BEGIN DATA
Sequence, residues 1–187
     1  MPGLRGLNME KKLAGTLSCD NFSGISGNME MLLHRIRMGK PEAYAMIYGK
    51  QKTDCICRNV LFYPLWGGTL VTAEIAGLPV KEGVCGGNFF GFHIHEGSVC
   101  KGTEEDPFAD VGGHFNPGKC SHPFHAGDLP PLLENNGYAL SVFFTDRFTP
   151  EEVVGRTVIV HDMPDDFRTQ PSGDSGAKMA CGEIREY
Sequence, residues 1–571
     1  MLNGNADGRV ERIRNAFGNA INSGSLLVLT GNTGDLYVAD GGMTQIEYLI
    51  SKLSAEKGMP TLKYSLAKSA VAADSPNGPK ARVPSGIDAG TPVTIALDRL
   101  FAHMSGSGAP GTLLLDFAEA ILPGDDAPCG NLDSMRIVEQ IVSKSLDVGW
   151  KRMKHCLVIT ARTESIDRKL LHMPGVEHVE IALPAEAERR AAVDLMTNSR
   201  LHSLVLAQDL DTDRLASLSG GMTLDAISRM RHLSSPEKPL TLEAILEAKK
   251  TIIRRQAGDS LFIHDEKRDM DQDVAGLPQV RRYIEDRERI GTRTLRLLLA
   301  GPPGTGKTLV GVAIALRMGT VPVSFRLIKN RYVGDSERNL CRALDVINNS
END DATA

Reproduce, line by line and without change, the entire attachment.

Sequence, residues 1–187
     1  MPGLRGLNME KKLAGTLSCD NFSGISGNME MLLHRIRMGK PEAYAMIYGK
    51  QKTDCICRNV LFYPLWGGTL VTAEIAGLPV KEGVCGGNFF GFHIHEGSVC
   101  KGTEEDPFAD VGGHFNPGKC SHPFHAGDLP PLLENNGYAL SVFFTDRFTP
   151  EEVVGRTVIV HDMPDDFRTQ PSGDSGAKMA CGEIREY
Sequence, residues 1–571
     1  MLNGNADGRV ERIRNAFGNA INSGSLLVLT GNTGDLYVAD GGMTQIEYLI
    51  SKLSAEKGMP TLKYSLAKSA VAADSPNGPK ARVPSGIDAG TPVTIALDRL
   101  FAHMSGSGAP GTLLLDFAEA ILPGDDAPCG NLDSMRIVEQ IVSKSLDVGW
   151  KRMKHCLVIT ARTESIDRKL LHMPGVEHVE IALPAEAERR AAVDLMTNSR
   201  LHSLVLAQDL DTDRLASLSG GMTLDAISRM RHLSSPEKPL TLEAILEAKK
   251  TIIRRQAGDS LFIHDEKRDM DQDVAGLPQV RRYIEDRERI GTRTLRLLLA
   301  GPPGTGKTLV GVAIALRMGT VPVSFRLIKN RYVGDSERNL CRALDVINNS